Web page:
Restore Or Preserve The Patina? A Discussion With Steve Natale
By Steve Natale.
Does an old car need to be perfectly restored to be enjoyed, or can an original car preserved in its current condition provide the same enjoyment to its owner. It depends who you ask. For many, only a near perfect restoration will do, and their passion is that goal. But recently, an increasing number of collectors are starting to re-think the entire restoration process. Rather than performing a restoration, more owners are choosing preservation, as opposed to restoration. I am seeing more and more cars with their original “patina” intact at car shows and cruise nights, and drawing a lot of attention in the process. In past, I have seen some tragic restorations done to beautiful, but not perfect, low mileage original cars. They are only original once, and after they are repainted and reupholstered, a historical artifact is gone forever. The trend is catching on, and un-restored, or “survivor” car prices are going up at auctions and shows.
The appreciation for original cars is a fairly new trend here in the US, but in Europe, an original car with the right patina has been admired for many years, especially with vintage sports and racing cars. Original paint cars have character, with each area of wear a document of the cars past and a piece of its history. It is like watching an episode of the Antiques Road Show, when the anxious owner of a chair made in 1825 asks “how much is it worth?” The expert replies “One like this with the original patina intact is worth easily $50,000, but since you had it refinished……only $5,000.”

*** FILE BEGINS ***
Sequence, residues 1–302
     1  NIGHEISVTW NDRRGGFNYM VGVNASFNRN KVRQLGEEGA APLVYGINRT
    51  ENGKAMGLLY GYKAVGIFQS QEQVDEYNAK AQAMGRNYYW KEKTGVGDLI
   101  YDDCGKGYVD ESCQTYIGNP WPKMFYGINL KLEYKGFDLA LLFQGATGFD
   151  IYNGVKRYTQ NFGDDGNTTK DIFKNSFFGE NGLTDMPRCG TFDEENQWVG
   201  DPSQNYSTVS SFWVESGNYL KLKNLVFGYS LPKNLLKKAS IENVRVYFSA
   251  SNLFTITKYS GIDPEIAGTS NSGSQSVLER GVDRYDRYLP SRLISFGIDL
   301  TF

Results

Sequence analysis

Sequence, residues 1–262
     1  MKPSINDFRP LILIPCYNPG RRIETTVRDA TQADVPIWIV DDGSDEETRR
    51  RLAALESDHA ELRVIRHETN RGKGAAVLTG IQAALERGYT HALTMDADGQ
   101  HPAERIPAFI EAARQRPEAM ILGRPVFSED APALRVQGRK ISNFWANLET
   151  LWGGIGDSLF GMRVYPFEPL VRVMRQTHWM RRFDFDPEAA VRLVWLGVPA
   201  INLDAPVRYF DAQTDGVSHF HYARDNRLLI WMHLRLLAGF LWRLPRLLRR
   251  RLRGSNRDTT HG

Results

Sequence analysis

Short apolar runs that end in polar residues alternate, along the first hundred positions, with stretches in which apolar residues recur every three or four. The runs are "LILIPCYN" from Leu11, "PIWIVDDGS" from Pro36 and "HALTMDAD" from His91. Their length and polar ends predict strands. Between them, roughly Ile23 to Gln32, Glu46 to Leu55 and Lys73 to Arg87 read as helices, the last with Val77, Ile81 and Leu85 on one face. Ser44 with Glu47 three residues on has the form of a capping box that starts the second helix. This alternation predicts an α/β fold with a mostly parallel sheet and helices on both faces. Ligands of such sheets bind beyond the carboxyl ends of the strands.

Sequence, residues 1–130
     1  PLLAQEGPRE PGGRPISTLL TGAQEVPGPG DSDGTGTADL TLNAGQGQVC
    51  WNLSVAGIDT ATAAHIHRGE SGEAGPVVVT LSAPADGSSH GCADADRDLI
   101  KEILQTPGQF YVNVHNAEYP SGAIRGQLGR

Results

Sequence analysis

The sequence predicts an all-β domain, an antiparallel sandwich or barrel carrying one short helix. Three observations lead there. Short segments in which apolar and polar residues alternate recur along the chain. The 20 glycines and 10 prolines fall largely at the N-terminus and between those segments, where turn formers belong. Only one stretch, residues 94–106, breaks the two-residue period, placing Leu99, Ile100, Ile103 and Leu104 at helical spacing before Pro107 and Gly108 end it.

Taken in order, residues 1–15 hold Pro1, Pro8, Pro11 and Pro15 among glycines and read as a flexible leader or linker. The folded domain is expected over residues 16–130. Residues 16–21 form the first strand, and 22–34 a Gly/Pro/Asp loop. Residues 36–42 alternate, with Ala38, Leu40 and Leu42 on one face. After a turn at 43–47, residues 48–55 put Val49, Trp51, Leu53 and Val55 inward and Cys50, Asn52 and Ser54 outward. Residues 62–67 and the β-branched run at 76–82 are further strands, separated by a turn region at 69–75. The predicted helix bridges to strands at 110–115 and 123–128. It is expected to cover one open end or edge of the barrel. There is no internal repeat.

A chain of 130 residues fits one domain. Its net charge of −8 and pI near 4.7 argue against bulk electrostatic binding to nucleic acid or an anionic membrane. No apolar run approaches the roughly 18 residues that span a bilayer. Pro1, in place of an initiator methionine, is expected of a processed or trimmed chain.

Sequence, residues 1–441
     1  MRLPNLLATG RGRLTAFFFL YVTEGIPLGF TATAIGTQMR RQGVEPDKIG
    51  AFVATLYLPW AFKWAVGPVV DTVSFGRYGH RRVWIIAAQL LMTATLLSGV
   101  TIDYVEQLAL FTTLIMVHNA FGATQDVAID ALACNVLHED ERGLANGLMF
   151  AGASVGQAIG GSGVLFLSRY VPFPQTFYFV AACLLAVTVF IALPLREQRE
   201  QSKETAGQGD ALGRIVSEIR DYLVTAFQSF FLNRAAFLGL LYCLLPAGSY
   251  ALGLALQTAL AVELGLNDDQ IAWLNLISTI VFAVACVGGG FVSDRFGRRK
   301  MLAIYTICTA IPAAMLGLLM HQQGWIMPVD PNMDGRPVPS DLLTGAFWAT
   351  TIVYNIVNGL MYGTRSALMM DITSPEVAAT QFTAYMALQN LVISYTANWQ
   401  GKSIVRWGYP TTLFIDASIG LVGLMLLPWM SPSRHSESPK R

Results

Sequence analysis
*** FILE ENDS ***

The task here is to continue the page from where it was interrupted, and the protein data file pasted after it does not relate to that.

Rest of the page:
Besides preserving automotive history, the un-restored original is cheaper to own. Of course a super low mileage, beautiful original car will command a premium, but well-worn cars with thin paint and surface rust can be a lot of fun. With paint costing north of $10,000, not mention chrome plating and reproduction parts costs rising, it makes economic sense as well. Plus you don’t have to worry as much about people touching the paint, or getting caught in the rain. Dial it in mechanically, and start driving. Sometimes it is just nice to get back to having fun, care-free driving, without all the fussing over making everything perfect. Back to the original car, having fun like you did originally, when you had your first not so perfect car.